Music can be a lifesaver—literally.
When first responders are being taught to perform hands-only cardiopulmonary resuscitation, known as CPR, on an adult whose heart has stopped beating, they’re told to administer 2-inch sternum compressions (between the nipples) at a rate of around 100 beats per minute (bpm). That’s a little less than twice a second, and can be hard to approximate. So thank goodness for pop music.
“Staying Alive” by the BeeGees is a classic example of a song that hits that 100 bpm benchmark (and has obvious connotations to the task at hand). Ditto Gloria Gaynor’s breakup anthem, “I Will Survive.” Looking for something a little less on the nose? Try Hanson’s mega-hit “MMMBop.” All of those tracks appear on a 100-bpm playlist released this week by New York Presbyterian Hospital.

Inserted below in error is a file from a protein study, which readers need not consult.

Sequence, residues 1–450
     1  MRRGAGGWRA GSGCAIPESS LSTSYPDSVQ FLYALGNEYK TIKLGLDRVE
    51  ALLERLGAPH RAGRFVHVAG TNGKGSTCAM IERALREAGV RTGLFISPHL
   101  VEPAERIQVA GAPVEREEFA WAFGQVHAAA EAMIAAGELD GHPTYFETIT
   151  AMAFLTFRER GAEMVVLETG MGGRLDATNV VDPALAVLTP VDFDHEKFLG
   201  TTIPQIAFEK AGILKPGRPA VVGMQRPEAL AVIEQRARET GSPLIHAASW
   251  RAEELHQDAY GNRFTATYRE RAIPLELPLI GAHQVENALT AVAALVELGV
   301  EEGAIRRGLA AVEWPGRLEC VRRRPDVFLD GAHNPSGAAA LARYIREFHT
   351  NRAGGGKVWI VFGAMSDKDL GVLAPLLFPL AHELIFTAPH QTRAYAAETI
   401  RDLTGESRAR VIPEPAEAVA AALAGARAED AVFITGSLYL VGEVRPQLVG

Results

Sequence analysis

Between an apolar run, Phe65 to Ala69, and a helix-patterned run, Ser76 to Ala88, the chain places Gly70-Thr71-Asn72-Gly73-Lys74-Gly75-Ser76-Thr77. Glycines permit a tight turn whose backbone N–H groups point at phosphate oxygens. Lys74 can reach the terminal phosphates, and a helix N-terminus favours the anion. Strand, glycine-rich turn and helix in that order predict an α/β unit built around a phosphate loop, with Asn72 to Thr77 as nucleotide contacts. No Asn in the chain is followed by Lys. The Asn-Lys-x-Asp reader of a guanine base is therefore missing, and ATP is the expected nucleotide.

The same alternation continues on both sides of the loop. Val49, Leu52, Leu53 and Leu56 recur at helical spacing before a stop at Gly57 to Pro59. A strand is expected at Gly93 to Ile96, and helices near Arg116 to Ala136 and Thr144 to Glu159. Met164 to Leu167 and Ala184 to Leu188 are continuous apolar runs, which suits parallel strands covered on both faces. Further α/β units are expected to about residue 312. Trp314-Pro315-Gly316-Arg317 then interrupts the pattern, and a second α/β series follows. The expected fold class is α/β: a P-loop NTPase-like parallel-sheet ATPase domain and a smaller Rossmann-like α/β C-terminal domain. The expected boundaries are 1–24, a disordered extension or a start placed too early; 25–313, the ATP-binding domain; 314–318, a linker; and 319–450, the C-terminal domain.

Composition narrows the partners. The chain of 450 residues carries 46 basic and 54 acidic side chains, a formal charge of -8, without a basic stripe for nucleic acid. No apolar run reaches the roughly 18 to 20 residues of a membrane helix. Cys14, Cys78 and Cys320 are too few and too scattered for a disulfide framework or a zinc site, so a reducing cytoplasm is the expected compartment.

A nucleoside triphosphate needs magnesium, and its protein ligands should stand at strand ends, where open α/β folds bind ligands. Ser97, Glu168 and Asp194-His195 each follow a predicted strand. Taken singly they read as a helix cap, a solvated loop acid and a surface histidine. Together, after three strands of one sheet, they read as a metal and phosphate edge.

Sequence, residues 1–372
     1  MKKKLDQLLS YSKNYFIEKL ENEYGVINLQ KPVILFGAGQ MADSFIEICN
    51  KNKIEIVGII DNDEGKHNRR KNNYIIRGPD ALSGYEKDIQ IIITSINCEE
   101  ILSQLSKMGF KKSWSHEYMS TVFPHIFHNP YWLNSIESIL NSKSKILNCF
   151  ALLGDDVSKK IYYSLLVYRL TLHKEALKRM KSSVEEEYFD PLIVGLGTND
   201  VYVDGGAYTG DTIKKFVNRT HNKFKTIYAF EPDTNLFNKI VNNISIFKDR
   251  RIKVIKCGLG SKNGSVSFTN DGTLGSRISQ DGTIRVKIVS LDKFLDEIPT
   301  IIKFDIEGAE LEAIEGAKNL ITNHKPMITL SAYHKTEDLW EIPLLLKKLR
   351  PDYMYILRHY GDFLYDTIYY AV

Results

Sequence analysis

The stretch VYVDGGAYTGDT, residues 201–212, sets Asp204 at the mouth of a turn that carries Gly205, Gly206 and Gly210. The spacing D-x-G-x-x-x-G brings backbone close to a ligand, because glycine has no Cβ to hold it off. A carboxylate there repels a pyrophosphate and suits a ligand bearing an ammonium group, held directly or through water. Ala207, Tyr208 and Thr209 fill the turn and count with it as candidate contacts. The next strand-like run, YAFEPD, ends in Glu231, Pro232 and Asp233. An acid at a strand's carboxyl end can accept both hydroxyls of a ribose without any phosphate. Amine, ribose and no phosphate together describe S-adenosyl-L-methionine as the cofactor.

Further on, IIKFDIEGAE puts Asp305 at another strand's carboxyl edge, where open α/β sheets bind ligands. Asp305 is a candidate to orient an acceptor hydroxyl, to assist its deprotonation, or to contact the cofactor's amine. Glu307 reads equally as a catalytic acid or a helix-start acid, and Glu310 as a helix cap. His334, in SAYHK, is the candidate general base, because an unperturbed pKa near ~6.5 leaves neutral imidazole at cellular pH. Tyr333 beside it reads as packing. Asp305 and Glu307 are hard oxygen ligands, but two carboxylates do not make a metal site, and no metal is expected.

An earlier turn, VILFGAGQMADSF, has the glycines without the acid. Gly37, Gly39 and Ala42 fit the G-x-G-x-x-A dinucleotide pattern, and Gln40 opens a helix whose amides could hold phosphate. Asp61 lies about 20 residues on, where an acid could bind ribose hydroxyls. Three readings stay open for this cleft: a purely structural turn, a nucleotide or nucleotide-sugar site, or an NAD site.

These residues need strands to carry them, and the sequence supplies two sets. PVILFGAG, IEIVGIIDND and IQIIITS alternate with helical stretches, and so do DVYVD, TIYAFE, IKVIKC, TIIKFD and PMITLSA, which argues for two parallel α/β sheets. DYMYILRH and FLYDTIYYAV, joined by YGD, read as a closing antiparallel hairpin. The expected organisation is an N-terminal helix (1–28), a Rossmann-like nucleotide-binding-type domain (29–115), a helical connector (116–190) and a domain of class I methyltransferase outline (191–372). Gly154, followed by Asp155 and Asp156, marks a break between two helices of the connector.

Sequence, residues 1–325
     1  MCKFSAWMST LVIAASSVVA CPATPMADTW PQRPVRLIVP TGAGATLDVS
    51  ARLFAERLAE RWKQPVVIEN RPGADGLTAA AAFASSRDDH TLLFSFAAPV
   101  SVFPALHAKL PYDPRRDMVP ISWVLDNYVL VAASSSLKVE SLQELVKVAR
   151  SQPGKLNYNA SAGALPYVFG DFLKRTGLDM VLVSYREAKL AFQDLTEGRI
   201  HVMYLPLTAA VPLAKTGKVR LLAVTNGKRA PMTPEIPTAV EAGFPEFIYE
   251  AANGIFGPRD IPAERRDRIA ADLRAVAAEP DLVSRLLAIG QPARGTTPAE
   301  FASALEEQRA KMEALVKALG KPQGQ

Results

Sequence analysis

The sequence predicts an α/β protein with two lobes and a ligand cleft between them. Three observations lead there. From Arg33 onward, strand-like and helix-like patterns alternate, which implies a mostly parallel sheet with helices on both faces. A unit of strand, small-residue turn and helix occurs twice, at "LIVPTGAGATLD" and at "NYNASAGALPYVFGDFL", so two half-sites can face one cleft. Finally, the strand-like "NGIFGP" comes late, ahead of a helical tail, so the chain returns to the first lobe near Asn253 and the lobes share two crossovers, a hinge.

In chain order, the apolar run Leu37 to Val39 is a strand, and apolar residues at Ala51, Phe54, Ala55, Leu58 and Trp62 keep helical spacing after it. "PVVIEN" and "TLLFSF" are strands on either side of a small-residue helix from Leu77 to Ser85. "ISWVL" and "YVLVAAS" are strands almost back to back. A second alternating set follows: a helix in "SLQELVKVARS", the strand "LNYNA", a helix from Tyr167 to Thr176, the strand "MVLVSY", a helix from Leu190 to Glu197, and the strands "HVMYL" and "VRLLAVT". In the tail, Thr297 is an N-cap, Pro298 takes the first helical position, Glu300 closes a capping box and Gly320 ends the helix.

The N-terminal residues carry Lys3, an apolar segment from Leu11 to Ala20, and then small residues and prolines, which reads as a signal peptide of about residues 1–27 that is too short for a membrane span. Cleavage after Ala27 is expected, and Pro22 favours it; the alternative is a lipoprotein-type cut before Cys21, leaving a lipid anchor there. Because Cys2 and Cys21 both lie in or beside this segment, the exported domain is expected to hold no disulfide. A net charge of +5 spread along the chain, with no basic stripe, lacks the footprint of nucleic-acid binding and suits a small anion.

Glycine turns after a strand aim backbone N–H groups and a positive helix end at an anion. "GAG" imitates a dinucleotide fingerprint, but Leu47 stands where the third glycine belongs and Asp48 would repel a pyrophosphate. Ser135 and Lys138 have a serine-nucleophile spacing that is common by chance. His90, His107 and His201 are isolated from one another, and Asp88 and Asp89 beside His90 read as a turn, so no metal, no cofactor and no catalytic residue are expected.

The 40-song list—two hours and 28 minutes of CPR jams—also includes songs like ABBA’s “Dancing Queen” and the Backstreet Boys “Quit Playing Games with My Heart.” Pop fans can enjoy tracks from Missy Elliot, Beyoncé, and Justin Timberlake, while alt-rock aficionados have Fall Out Boy, Modest Mouse, and the All-American Rejects to choose from.
The list also features Queen’s “Another One Bites the Dust,” which may be fitting given the abysmal success rates of CPR—roughly 8%, even when backup help is called immediately. (Patients who have CPR performed on them are likely to experience other painful injuries, too, like crushed or ruptured organs. Admittedly, a small price to pay for a saved life.) That said, performing CPR more than doubles (paywall) the survival rate of patients who go into cardiac arrest.
CPR isn’t the only medical context in which tunes can set the mood: Surgeons often operate to music to help them focus.